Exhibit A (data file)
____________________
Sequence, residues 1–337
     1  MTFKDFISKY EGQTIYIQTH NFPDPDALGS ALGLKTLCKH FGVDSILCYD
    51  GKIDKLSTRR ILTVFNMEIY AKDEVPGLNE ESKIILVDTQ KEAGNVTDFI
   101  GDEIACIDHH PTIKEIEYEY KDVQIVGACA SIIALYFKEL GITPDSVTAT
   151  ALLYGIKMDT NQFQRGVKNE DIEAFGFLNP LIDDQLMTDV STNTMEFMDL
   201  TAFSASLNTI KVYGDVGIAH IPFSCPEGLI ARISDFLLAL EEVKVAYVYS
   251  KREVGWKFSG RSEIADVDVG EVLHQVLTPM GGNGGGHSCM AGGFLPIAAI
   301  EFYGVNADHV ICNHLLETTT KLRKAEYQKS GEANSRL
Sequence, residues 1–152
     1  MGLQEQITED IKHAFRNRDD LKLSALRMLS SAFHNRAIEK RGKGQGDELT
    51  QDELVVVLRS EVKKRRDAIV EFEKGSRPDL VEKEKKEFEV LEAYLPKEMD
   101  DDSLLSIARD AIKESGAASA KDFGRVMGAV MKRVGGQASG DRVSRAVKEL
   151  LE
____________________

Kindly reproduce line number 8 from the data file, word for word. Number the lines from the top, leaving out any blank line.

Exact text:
   301  EFYGVNADHV ICNHLLETTT KLRKAEYQKS GEANSRL